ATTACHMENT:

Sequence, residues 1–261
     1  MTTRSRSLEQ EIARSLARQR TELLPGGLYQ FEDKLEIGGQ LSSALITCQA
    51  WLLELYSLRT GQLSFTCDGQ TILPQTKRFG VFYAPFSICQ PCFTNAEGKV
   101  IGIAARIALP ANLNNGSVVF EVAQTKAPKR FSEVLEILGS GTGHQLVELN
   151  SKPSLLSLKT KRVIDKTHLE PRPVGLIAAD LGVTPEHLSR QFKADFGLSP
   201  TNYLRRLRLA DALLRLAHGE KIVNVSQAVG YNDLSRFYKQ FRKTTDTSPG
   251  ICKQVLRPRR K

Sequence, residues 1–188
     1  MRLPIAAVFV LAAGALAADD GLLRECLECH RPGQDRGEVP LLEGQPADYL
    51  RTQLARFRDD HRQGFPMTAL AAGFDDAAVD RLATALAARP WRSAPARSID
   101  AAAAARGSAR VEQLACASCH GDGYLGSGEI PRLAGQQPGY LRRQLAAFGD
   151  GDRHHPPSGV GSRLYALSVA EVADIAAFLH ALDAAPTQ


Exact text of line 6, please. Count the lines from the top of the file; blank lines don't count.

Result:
   201  TNYLRRLRLA DALLRLAHGE KIVNVSQAVG YNDLSRFYKQ FRKTTDTSPG